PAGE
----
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Sean Leahy is a writer for Pro Hockey Talk on NBC Sports. Drop him a line at phtblog@nbcsports.com or follow him on Twitter @Sean_Leahy.

Flyers’ Voracek to appeal two-game suspension

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Jakub Voracek’s feelings on being suspended two games by the NHL for his hit on New York Islanders defenseman Johnny Boychuk Saturday night were summed up in five simple emojis:

Voracek was assessed a major for interference. Boycuk did not return to the game and has been ruled out of the Islanders’ game on Monday against Columbus.

The Philadelphia Flyers forward is taking his displeasure with the Department of Player Safety one step forward by appealing the two-game ban, according to Sportsnet’s Chris Johnston. Voracek will travel to the NHL’s offices in New York City on Tuesday afternoon in hopes of having the suspension reduced to one game or wiped out entirely.

“He’s pointing at me like it’s WrestleMania or something,” Voracek said after the game. “Come on, it’s a hockey game. This is a guy who was sucker-punching 19-year-old Nolan Patrick last year at the end of the game, and he’s going to do that. Give me a break.”

“I don’t think Jake has any wrong intentions there. He’s trying to protect himself,” said Flyers interim head coach Scott Gordon. “The guy is sprinting in on him hard. It’s not like it was a 50/50 puck, where he’s waiting for him to come to him and step into him. He clearly sees that the guy coming and he’s trying to brace himself.”

NHL Commissioner Gary Bettman will hear Voracek’s appeal. The process will stop after Bettman’s decision as only suspensions of six games or more allow the player to appeal to a neutral arbitrator.

Voracek will remain out through the duration of the two-game suspension as he appeals.

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Sean Leahy is a writer for Pro Hockey Talk on NBC Sports. Drop him a line at phtblog@nbcsports.com or follow him on Twitter @Sean_Leahy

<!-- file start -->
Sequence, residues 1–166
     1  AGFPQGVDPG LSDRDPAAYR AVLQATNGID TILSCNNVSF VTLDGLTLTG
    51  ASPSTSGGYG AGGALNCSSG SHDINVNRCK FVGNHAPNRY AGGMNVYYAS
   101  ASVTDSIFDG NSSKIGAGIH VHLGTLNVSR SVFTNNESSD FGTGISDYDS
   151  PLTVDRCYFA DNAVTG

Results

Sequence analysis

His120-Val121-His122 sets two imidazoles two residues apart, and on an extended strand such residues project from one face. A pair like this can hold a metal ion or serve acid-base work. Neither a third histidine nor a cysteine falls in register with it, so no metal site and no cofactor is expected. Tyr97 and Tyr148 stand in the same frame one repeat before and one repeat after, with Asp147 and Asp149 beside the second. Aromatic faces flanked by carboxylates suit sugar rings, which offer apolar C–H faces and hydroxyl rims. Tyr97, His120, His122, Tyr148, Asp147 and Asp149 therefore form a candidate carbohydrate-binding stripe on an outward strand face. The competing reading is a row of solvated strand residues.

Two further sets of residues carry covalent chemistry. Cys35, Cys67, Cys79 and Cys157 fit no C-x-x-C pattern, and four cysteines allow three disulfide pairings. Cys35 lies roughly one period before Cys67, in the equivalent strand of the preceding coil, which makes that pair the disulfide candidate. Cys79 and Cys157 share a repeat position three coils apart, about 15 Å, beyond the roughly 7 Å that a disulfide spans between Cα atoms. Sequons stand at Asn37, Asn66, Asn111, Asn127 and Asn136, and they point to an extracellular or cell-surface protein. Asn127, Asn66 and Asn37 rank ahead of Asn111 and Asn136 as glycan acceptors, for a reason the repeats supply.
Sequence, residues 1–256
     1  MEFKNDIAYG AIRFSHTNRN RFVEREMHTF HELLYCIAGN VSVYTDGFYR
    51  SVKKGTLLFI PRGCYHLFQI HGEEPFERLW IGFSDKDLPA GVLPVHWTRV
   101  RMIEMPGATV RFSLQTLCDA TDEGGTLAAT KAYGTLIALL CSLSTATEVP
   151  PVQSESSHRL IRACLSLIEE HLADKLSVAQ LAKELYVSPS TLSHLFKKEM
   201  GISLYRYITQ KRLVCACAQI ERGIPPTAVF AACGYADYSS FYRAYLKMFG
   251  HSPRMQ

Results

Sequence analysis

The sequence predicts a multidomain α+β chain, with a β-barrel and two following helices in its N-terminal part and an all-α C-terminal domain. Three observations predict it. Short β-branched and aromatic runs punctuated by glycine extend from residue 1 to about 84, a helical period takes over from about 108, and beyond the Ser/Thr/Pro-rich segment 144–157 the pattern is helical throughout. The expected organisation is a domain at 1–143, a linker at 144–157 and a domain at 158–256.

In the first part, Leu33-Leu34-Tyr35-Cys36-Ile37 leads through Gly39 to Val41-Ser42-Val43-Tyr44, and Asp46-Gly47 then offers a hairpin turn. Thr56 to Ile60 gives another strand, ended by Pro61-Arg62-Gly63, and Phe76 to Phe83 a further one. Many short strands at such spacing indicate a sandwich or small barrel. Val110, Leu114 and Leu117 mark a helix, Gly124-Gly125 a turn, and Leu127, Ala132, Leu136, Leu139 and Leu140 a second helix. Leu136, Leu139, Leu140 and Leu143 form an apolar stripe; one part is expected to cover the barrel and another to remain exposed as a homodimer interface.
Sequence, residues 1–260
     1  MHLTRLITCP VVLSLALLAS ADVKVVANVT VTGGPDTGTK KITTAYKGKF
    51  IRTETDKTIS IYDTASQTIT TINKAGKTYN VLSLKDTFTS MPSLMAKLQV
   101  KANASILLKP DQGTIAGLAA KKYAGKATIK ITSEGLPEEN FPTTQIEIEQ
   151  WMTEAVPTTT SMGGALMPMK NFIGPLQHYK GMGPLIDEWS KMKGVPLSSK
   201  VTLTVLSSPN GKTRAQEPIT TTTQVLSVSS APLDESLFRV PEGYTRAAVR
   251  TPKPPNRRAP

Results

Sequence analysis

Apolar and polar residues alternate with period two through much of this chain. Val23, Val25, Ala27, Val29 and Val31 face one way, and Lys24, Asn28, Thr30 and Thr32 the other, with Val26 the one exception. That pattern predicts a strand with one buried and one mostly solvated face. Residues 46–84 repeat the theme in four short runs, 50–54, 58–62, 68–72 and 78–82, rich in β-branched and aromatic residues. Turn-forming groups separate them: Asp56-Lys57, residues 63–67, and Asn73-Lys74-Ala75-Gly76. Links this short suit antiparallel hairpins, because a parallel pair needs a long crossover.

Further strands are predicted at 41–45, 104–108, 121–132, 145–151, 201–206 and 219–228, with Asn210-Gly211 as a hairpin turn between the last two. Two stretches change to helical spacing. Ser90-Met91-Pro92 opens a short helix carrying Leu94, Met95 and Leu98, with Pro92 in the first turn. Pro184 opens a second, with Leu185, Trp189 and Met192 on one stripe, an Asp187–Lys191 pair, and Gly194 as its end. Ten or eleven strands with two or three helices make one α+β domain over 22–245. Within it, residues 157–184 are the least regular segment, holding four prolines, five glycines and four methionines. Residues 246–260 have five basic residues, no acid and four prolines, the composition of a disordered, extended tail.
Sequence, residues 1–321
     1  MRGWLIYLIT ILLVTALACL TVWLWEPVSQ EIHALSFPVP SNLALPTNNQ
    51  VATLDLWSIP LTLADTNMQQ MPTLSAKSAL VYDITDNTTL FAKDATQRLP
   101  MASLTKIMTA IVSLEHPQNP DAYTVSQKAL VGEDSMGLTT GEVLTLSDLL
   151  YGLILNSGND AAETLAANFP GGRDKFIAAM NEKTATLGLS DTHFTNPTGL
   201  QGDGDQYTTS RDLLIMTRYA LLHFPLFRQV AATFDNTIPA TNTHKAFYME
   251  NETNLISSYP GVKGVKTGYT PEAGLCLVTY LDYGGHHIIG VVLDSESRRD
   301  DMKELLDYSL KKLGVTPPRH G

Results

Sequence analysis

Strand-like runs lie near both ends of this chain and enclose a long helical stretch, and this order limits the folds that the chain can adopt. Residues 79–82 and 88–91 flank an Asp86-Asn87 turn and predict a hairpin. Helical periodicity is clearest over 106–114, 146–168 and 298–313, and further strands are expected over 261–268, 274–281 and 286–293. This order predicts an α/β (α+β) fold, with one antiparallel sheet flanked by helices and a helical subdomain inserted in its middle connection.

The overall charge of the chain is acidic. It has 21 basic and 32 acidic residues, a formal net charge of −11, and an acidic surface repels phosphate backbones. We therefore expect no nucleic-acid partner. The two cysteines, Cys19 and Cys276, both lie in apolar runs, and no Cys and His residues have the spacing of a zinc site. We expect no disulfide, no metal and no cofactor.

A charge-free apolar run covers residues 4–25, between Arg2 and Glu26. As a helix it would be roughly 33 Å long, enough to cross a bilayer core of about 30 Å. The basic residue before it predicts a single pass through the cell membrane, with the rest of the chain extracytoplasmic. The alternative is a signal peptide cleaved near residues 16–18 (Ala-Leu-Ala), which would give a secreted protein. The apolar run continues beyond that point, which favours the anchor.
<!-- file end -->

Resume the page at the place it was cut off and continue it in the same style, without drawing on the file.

Sabres’ Eichel, Flyers’ Voracek facing hearings after Saturday hits

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The NHL’s Department of Player Safety will be busy on Sunday.

Forwards Jack Eichel of the Buffalo Sabres and Jakub Voracek of the Philadelphia Flyers will be asked to explain their actions in their respective games on Saturday after two massive hits.

Eichel’s came in the second period of a 3-0 loss to the Colorado Avalanche. He and Carl Soderberg were chasing down a loss puck in the neutral zone when Eichel took his shoulder and laid it square into Soderberg’s chin, forcing the latter to leave the game temporarily.

Eichel was given a two-minute minor for an illegal check to the head on the play, which can be seen here around the one-minute mark:

Eichel had enough, he admitted after the game.

Nikita Zadorov drilled him in the first period (a hit you can see from the beginning of the above video) after an offside whistle had already been blown.

“He hits me after they (bleeping), excuse my language, blow the whistle,” Eichel told the Buffalo News following in the game. “That’s whatever.

“I thought he was just reaching. I don’t know. I’d have to look at it, to be honest with you. I’m trying to protect myself. It’s a physical game. I think he’s going to deliver a hit to me.

“It seems like they were taking runs a little bit at times. If I’m going to be at the forefront of it, I might as well push back a little bit. I’ve got to protect myself.”

Eichel has never been suspended.

Meanwhile, Voracek will have to answer for this bit of interference he threw on New York Islanders defenseman Johnny Boychuk in their game on Saturday.

In a 5-1 game for the Flyers, Boychuk was pinching in to try and snag a loose puck heading Voracek’s way. Instead, Voracek saw Boychuk coming and dropped him with hit, forcing Boychuk from the game and resulting in a five-minute major for interference.

You can be the judge here:

Voracek was far from pleased with the call following the game.

“The explanation I got was if I hit him in the head, it would be a game [misconduct],” he told NBC Sports Philadelphia. “I don’t know why I got five. I try to protect myself, to be honest, maybe the puck was a little further than I thought — I thought the puck was close to me.

“It’s a tough hit. You know, he’s getting off the ice, he’s pointing at me like it’s a WrestleMania or something. Pointing at me like it’s a WrestleMania. Come on, it’s a hockey game. … He’s the guy that was sucker-punching 19-year-old Nolan Patrick last year in the end of a game. He’s going to do that? Give me a break.”

Voracek, like Eichel, has no history.


Scott Billeck is a writer for Pro Hockey Talk on NBC Sports. Drop him a line at phtblog@nbcsports.com or follow him on Twitter @scottbilleck